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Quality gap found between award winners and others
Facilities compared across 26 procedures, diagnoses
A substantial difference in clinical quality was found between the winners of the Health Grades Inc./J.D. Power & Associates Distinguished Hospital Award for Clinical Excellence winners and all other hospitals, Health Grades Inc. reports.
What is more difficult to determine is whether this represents a significant change over last year’s report — the first conducted. "Every year, we go through a rating summit, because medicine changes so frequently and we want to make sure to account for changes from year to year," explains Samantha Collier, MD, vice president of medical affairs for Health Grades Inc. in Lakewood, CO.
She adds, however, that there was "a lot of overlap between last year’s winners and this year’s winners." (The list of winners is available on Health Grades Inc.’ web site, www.healthgrades.com.) "Maybe three years from now, we’ll be better able to compare winners from previous years."
The Distinguished Hospital Award for Clinical Excellence is part of the larger Distinguished Hospital Program established between J.D. Power and Associates and Health Grades Inc. in February 2003 to recognize hospitals for both service and clinical excellence. J.D. Power and Associates, which measures patient satisfaction and perceptions of the hospital stay experience, recognizes qualifying hospitals for providing an outstanding patient experience.
According to Health Grades, The Distinguished Hospital Award for Clinical Excellence is the first award of its kind to focus exclusively on clinical quality. The award winners fall among the top 3.4% of all hospitals in the country in seven major clinical specialties: cardiac surgery, cardiology, orthopedic surgery, neurosciences, gastroenterology, pulmonary, and vascular surgery. The award was designed to highlight the best hospitals in the nation and to encourage consumers to research the quality of their local hospitals before undergoing a procedure.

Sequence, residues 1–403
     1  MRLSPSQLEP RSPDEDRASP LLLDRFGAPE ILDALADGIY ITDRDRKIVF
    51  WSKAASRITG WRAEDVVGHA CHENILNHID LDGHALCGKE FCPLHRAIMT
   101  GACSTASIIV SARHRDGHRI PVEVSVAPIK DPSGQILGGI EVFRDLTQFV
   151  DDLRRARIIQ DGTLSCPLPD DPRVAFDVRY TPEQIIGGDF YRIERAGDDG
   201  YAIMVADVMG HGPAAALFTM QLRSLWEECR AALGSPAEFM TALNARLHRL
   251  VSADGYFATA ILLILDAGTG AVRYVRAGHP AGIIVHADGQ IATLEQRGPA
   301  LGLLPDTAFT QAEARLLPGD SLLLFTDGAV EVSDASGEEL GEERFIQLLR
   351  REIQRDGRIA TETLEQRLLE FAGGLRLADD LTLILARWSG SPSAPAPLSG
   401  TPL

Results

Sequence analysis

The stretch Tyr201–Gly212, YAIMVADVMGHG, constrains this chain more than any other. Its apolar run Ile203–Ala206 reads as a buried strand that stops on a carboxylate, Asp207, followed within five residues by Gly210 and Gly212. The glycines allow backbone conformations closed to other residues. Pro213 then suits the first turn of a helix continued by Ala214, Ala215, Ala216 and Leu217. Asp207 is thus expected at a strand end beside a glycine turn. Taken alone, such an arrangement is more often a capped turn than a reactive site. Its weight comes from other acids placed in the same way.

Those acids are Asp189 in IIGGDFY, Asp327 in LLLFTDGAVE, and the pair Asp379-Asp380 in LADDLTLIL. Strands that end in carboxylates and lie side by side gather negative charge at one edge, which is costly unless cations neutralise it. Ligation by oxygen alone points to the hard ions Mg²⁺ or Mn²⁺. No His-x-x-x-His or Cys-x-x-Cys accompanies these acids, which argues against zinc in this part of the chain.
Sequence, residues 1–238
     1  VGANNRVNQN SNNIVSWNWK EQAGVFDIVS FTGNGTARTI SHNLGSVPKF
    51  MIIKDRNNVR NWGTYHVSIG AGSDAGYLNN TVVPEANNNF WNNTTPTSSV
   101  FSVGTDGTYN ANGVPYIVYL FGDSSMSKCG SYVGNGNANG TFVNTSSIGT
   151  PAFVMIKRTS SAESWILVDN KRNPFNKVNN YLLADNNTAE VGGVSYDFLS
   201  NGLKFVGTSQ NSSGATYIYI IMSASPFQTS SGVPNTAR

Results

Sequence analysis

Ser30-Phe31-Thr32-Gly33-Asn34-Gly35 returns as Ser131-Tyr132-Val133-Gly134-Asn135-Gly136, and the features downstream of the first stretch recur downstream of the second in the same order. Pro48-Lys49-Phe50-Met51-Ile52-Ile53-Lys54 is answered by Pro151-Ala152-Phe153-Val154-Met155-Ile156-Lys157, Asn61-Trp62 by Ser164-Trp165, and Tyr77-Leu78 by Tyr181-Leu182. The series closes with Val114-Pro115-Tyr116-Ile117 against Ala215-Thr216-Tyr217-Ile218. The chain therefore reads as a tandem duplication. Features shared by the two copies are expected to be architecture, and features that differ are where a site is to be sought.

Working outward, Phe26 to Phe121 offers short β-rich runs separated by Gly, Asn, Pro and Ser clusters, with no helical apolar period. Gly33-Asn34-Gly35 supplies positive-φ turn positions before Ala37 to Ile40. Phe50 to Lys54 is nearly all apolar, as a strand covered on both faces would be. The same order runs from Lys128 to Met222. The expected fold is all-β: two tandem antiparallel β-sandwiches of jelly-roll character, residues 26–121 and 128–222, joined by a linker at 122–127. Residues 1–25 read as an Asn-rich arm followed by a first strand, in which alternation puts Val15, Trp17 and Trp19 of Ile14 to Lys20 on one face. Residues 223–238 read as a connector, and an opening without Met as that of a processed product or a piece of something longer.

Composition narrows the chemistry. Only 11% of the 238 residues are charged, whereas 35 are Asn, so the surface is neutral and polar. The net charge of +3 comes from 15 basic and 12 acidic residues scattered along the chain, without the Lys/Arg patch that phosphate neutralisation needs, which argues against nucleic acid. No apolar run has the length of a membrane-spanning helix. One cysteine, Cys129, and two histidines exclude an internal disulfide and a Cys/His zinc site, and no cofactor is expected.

Health Grades bases the awards on a detailed study of each hospital’s risk-adjusted mortality and complication rates of Medicare patients as reported to the federal government.
"We looked at either vast mortality or complications across 26 procedures and diagnoses," Collier explains. "Then each hospital is ranked for every single cohort." (See example, below.)
For a facility to even qualify, it had to not only be an open-heart hospital, but it also had to have a minimum number of diagnoses and procedures. "We wanted to show that those facilities had a breadth of procedures; right away, that got us down to 800," Collier notes. "They also had to do 22 out of the 26 procedures and diagnoses, and a minimum of 30 cases."
Why were these specific service line areas chosen? "Frankly, those are the highest volume areas to hospitals — coronary artery disease, heart failure, heart attack," she continues. "The same thing with community-acquired pneumonia, COPD, and so on."
Health Grades uses the most recent three years of data from the U.S. Department of Health and Human Service’s Centers for Medicare & Medicaid Services (CMS) and risk adjusts it to create accurate and fair comparisons between hospitals.
Of the award winners, 73% are part of larger hospital systems. They also tended to be larger hospitals, with an average of 504 beds compared with an average of 181 beds for those that did not receive the designation. In addition, 77.44% are in the eastern third of the United States.
Taken as a whole, Distinguished Hospitals have mortality rates that are 19.09% lower than those that did not qualify for the awards. Complication rates were 5.38% lower.
There are a total of 164 winners from the starting number of 869, or essentially the top 20%. However, that represents 3.4% of the 4,773 acute care hospitals in the country.
This does not mean, Collier is quick to point out, that only large facilities can provide high-quality care.
"Some of our partnerships [Health Grades is a quality information company with an advisory services component] are with hospitals that promote good quality outcomes but are smaller and may not meet the criteria," she explains.
The term distinguished implies more than quality, however; it also employs breadth of service. "For example, if you broke your hip and went to hospital A and then had a heart attack, as a consumer, you’d want a hospital that is good at everything," Collier says.
Health Grades’ web site includes quality outcomes information on every hospital in the United States, and it is free to consumers. It seems they are taking advantage of the service: In the past two years, total users increased from 650,000 in 2002 to 4.31 million in 2003; total visits increased from 0.80 million in 2002 to 5.07 million in 2003; and total page views increased from 6.71 million in 2002 to 30.62 million in 2003.
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